African Essays

  • African Archaeology

    2334 Words  | 5 Pages

    Africa has been dominated by a concern with origins and antiquity. Some Anthropologists believe that African metallurgy was an early, independent invention, while others believe that it was an innovation, which came relatively late, and was a product of diffusion. With these two hypotheses as our only reference points, we are limited in our knowledge of metallurgy as well as its role in the lives of African people. Anthropologists often find themselves in the predicament of being presented with a small

  • African Elephant

    1738 Words  | 4 Pages

    African Elephant The common name is the African Elephant, the scientific name is Loxodonta Africana, the phylum is Vertebrata, the class is Mammalia, the order is Proboscidea, and the family is Elephantidae. The Closest Relatives to the African Elephant are: the Asian Elephant, mammoths, primitive proboscidean (mastodons), sea cows, and hyraxes. Scientists believe that the African Elephant evolved from one of its closest relatives, the Sea Cow. The geographical location and range of the African

  • African Colonialism

    1862 Words  | 4 Pages

    first played a role in Europe’s and the America’s history when the U.S. and Great Britain needed labor. They needed a lot of it and they needed it cheap. There was nothing cheaper than free labor. It would require an initial investment to African “leaders'; but it paid off almost instantaneously. This is what we used to call slave trading. In around the 1860’s this became an illegal act. However, like any other crime, this trading could not be stopped entirely. British Naval ships

  • African Psychology

    657 Words  | 2 Pages

    black pride and independence from white oppression. Africans should reject the myths from which Apartheid was conceived, where blacks were depicted as inferior, savage, simple and having a primitive culture which needed to be modernized. Rather blacks should believe in their true identity of being survivors with the utmost human dignity. Black people needed to become aware of their collective power both economically and politically. People of African descent must create their own value system, where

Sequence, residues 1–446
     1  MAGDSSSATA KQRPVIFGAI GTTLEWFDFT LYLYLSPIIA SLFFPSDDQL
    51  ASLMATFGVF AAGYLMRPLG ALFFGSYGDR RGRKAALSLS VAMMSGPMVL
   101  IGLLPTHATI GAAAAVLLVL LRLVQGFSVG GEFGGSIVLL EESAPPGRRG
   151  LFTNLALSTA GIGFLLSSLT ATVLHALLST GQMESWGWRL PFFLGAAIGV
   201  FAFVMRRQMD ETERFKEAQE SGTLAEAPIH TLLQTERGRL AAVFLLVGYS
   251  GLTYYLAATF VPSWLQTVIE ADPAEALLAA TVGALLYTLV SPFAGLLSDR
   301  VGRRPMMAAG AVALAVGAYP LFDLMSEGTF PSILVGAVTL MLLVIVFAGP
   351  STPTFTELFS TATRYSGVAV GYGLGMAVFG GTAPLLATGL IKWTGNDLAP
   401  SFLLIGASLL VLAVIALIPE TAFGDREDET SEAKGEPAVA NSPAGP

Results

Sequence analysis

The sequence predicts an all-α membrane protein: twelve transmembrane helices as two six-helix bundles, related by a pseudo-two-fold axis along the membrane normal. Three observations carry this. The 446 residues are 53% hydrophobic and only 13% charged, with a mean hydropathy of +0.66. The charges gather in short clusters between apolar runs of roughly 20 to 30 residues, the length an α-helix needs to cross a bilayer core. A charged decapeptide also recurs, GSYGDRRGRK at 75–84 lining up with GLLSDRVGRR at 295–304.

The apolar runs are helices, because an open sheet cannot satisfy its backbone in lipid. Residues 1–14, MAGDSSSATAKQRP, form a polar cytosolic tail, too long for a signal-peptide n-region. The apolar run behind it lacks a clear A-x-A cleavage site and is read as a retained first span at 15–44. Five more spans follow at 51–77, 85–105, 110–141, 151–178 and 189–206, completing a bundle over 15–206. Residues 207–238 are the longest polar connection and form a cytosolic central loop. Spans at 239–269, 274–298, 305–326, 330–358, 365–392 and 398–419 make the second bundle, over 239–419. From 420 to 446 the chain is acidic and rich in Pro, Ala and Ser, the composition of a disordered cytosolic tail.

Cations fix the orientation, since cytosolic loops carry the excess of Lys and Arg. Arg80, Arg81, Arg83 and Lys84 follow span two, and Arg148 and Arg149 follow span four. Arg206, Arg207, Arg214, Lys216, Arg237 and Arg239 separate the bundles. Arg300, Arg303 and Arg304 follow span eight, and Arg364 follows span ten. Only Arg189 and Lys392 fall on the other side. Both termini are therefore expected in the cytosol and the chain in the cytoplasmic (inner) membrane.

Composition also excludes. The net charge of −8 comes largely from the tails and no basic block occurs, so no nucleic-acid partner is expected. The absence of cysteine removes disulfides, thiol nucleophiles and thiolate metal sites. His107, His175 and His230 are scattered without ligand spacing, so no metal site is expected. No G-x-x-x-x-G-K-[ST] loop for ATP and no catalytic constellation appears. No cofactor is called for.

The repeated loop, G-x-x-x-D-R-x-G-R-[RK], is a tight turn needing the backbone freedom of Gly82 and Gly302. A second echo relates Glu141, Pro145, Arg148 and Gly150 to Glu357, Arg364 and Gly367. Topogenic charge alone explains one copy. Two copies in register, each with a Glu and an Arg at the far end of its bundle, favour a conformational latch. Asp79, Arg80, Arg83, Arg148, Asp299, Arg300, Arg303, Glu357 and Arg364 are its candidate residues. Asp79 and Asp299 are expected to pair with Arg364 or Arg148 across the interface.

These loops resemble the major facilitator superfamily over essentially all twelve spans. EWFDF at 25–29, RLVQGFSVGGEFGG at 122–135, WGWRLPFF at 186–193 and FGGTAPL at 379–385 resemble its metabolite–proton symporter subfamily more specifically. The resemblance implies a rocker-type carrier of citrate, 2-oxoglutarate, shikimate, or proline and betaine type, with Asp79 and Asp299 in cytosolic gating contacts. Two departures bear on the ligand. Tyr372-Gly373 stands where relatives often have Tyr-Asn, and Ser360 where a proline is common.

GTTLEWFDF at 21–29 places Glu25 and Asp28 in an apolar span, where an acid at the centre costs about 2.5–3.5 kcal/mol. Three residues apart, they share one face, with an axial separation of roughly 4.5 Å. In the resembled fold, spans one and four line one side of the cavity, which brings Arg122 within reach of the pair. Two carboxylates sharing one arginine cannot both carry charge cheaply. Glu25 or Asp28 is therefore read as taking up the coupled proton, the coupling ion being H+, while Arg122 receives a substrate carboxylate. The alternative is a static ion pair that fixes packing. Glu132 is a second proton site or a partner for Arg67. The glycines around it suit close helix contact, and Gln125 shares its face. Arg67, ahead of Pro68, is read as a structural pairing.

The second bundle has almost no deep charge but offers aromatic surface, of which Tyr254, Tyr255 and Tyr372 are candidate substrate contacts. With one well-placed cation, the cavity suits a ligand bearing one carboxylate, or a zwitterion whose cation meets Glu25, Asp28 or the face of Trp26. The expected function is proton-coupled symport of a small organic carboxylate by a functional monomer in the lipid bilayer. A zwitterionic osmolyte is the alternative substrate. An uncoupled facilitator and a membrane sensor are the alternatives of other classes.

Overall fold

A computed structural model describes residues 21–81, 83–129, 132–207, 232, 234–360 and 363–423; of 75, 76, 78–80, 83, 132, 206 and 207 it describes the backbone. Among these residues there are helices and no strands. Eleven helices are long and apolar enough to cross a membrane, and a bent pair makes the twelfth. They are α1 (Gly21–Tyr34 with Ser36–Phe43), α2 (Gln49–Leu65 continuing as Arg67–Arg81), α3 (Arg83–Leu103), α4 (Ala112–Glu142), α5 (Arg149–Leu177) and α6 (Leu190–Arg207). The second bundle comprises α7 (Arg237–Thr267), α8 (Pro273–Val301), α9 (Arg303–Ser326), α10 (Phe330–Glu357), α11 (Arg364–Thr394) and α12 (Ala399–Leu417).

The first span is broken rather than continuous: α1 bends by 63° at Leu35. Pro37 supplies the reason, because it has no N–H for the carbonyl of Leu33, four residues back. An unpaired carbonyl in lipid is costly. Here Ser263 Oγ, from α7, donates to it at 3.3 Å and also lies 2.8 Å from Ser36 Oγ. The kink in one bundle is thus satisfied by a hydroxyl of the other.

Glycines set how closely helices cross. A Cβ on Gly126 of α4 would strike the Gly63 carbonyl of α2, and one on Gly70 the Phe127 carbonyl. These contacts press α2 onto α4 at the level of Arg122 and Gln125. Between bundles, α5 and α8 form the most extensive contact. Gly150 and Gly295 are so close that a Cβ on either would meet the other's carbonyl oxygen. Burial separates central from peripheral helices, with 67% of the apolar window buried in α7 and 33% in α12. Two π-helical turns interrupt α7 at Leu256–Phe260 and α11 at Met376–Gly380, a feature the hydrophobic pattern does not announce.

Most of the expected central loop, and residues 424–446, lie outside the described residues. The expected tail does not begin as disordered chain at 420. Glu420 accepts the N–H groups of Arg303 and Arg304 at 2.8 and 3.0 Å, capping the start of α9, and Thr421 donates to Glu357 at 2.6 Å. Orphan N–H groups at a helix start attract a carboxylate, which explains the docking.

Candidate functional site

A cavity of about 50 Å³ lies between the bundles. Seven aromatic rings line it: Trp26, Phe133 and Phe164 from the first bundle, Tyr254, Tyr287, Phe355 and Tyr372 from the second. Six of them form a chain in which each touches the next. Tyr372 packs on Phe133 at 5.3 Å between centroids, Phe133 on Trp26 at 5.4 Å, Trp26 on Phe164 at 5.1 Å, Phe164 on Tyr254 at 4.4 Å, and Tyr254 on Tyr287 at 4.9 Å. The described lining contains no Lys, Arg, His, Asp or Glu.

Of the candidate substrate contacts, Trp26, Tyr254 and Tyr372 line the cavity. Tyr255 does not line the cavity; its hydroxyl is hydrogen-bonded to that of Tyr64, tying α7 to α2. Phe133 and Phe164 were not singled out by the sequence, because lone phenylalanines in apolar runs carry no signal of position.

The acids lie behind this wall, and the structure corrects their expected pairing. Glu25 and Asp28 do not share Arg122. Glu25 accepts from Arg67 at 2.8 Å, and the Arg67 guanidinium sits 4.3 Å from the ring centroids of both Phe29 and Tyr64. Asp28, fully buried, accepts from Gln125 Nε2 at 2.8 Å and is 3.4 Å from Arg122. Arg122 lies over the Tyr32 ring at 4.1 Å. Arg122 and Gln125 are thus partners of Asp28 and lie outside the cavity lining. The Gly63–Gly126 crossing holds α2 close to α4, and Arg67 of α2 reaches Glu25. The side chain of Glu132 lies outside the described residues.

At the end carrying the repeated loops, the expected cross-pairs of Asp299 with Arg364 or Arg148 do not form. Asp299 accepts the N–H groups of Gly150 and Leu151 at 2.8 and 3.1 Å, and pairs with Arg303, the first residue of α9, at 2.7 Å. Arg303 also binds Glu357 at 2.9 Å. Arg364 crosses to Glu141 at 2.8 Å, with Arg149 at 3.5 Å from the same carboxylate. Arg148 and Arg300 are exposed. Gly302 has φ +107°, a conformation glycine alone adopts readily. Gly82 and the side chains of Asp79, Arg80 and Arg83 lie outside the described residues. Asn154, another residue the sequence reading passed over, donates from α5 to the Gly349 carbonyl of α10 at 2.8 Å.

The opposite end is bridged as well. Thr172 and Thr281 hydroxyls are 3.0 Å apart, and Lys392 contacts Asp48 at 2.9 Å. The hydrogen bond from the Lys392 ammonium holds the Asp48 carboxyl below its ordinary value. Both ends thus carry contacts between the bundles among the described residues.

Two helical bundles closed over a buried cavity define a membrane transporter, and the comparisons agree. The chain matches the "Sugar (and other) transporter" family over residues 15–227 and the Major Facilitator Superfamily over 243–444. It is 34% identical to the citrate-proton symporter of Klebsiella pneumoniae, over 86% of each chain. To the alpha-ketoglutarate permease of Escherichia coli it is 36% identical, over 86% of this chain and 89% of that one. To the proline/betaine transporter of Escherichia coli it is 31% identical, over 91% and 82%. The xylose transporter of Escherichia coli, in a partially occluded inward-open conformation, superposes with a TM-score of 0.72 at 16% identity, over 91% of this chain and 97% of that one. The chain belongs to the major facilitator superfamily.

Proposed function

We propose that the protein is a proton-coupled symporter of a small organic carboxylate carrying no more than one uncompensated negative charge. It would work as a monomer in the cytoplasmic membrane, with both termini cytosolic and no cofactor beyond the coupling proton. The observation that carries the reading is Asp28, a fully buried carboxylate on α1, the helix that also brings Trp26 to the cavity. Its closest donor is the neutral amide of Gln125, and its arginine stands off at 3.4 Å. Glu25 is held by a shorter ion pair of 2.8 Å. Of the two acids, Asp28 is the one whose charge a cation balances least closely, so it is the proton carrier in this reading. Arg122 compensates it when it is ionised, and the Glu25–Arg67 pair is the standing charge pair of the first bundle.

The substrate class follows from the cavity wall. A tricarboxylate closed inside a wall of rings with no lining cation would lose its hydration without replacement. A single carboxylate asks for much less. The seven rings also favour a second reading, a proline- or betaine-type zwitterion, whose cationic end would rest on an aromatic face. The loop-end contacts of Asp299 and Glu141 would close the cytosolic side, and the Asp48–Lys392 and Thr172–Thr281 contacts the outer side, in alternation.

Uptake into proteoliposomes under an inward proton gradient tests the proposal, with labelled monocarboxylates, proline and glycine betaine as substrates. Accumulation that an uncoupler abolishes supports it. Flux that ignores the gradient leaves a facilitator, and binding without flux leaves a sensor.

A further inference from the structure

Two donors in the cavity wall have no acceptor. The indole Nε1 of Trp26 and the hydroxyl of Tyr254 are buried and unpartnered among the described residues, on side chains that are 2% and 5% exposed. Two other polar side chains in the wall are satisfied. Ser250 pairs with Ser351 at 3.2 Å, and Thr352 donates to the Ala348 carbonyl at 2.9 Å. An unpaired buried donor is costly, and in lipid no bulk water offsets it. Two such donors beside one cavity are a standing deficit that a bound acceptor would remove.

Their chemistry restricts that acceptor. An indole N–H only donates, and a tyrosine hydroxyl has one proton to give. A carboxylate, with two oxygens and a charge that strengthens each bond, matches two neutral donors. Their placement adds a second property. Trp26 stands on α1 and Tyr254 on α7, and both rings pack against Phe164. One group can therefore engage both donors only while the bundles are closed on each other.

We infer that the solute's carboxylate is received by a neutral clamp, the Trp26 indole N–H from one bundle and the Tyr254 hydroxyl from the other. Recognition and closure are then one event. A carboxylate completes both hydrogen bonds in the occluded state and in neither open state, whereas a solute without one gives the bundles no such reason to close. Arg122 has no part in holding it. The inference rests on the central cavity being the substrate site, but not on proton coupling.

• African Diaspora

    1645 Words  | 4 Pages

    African Diaspora The study of cultures in the African Diaspora is relatively young. Slavery and the trans-Atlantic slave trade brought numerous Africans, under forced and brutal conditions, to the New World. Of particular interest to many recent historians and Africanists is the extent to which Africans were able to transfer, retain, modify or transform their cultures under the conditions of their new environments. Three main schools of thought have emerged in scholarly discussion and research

  • African-Americans And African Americans

    2379 Words  | 5 Pages

    The California experience of the East Bay African-Americans and the Los Angeles Native-American Indians were similar in terms of opportunity, but culturally unique. This paper will compare and contrast the experiences of Africa-Americans in the East Bay during WWII, based upon the readings of Gretchen Lemke Santangelo’s “Abiding Courage: African American Migrant Women and the East Bay Community”, and American Indians in Los Angeles, as described in the Nicholas G. Rosenthal’s work, “Reimaging Indian

  • West African Kingdoms

    996 Words  | 2 Pages

    West African Kingdoms It is generally accepted by scholars and scientists today that Africa is the original home of man. One of the most tragic misconceptions of historical thought has been the belief that Black Africa had no history before European colonization. Whites foster the image of Africa as a barbarous and savage continent torn by tribal warfare for centuries. It was a common assumption of nineteenth-century European and American Whites - promoted by the deliberate cultivation of pseudoscientific